The Houthi takeover in Yemen, also known as the September 21 Revolution, or 2014–15 coup d'état, was a gradual armed takeover by the Houthis and supporters of former Yemeni President Ali Abdullah Saleh that pushed the Yemeni government from power. It had origins in Houthi-led protests that began the previous month, and escalated when the Houthis stormed the Yemeni capital Sana'a on 21 September 2014, causing the resignation of Prime Minister Mohammed Basindawa, and later the resignation of President Abdrabbuh Mansur Hadi and his ministers on 22 January 2015 after Houthi forces seized the presidential palace, residence, and key military installations, and the formation of a ruling council by Houthi militants on 6 February 2015.

Yemeni Crisis (2011–present) began with the 2011–12 revolution against President Ali Abdullah Saleh

The Yemeni Crisis began with the 2011–12 revolution against President Ali Abdullah Saleh, who had led Yemen for more than three decades. After Saleh left office in early 2012 as part of a mediated agreement between the Yemeni government and opposition groups, the government led by Saleh's former vice president, Abdrabbuh Mansur Hadi, struggled to unite the fractious political landscape of the country and fend off threats both from Al-Qaeda in the Arabian Peninsula and Houthi militants that had been waging a protracted insurgency in the north for years. In 2014, Houthi fighters swept into the capital of Sana'a and forced Hadi to negotiate a "unity government" with other political factions. The rebels continued to apply pressure on the weakened government until, after his presidential palace and private residence came under attack from the militant group, Hadi resigned along with his ministers in January 2015. The following month, the Houthis declared themselves in control of the government, dissolving Parliament and installing an interim Revolutionary Committee led by Mohammed Ali al-Houthi, a cousin of Houthi leader Abdul-Malik al-Houthi. However, Hadi escaped to Aden, where he declared that he remains Yemen's legitimate president, proclaimed the country's temporary capital, and called on loyal government officials and members of the military to rally to him. On 27 March 2015, BBC reported that Hadi had "fled rebel forces in the city of Aden" and subsequently "arrived in Saudi Arabia's capital Riyadh" as "Saudi authorities began air strikes in Yemen". Civil War subsequently erupted between Hadi's government and the Houthis. Since 2017 the separatist Southern Transitional Council (STC) has also fought against the government.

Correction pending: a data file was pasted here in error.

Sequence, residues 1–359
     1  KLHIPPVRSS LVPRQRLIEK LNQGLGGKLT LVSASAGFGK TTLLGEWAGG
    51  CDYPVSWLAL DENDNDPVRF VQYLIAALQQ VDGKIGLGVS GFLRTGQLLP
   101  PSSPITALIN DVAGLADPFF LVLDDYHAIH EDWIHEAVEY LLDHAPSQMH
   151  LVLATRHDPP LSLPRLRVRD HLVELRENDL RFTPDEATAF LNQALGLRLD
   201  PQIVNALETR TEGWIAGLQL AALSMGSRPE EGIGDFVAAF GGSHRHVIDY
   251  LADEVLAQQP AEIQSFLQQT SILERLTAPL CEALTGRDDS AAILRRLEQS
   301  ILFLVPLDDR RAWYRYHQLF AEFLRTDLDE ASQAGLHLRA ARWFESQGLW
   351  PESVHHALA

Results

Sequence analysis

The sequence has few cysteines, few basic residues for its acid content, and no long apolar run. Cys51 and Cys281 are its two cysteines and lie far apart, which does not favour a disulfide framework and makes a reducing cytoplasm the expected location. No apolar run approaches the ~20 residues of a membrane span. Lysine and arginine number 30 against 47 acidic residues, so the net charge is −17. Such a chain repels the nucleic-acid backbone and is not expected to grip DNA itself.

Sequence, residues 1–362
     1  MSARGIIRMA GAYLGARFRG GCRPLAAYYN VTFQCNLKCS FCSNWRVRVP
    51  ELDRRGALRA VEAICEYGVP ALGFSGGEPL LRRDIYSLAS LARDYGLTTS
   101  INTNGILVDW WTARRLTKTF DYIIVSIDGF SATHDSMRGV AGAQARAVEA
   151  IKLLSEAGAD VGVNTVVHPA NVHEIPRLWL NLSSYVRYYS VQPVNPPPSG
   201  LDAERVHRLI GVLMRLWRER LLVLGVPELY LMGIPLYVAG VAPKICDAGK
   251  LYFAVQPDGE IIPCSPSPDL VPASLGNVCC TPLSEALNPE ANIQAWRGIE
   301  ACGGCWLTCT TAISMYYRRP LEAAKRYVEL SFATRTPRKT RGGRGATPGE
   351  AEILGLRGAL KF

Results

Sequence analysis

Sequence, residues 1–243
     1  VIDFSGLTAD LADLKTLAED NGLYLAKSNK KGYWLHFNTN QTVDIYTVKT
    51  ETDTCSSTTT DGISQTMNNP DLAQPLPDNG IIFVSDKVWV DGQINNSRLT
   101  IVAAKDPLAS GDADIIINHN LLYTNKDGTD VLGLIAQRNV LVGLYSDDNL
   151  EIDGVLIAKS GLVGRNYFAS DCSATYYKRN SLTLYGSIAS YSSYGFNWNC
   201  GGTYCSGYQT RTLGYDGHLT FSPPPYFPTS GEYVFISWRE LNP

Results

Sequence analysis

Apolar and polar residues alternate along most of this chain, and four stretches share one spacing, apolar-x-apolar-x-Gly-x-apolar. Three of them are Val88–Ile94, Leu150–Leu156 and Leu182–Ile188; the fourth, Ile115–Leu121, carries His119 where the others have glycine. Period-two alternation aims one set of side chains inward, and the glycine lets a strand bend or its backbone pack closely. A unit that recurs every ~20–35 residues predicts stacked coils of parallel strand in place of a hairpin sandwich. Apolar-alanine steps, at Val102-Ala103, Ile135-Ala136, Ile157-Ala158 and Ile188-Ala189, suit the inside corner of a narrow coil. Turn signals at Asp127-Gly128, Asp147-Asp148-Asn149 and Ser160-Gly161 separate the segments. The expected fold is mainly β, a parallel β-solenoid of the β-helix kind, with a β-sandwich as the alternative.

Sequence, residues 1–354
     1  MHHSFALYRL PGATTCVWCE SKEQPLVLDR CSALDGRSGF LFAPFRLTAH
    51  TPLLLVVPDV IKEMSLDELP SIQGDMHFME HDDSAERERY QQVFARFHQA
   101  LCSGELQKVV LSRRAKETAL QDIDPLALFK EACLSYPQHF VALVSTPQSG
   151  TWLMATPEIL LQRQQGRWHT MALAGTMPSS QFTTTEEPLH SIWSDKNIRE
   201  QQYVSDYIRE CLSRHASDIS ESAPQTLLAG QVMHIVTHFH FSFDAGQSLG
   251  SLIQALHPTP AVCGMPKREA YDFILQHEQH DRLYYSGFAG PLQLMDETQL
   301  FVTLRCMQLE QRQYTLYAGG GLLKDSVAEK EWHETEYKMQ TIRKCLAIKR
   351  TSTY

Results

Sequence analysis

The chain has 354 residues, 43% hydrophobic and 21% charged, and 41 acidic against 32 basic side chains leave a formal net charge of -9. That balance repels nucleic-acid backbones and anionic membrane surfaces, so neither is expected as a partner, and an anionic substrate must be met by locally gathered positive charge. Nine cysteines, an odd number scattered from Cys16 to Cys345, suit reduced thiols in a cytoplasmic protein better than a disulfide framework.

Battle of Sanaʽa (2014)

The Battle of Sana'a in 2014 marked the advance of the Houthis into Sana'a, the capital of Yemen, and heralded the beginning of the armed takeover of the government that unfolded over the following months. Fighting began on 9 September 2014, when pro-Houthi protesters under the command of Abdul-Malik al-Houthi marched on the cabinet office and were fired upon by security forces, leaving seven dead. The clashes escalated on 18 September, when 40 were killed in an armed confrontation between the Houthis led by military commander Mohammed Ali al-Houthi and supporters of the Sunni hardliner Islah Party when the Houthis tried to seize Yemen TV, and 19 September, with more than 60 killed in clashes between Houthi fighters and the military and police in northern Sana'a. By 21 September, the Houthis captured the government headquarters, marking the fall of Sana'a.

Aftermath of the Houthi takeover in Yemen

The aftermath of the Houthi takeover in Yemen refers to developments following the Houthis' takeover of the Yemeni capital of Sana'a and dissolution of the government, which eventually led to a civil war and the Saudi Arabian-led intervention in Yemen.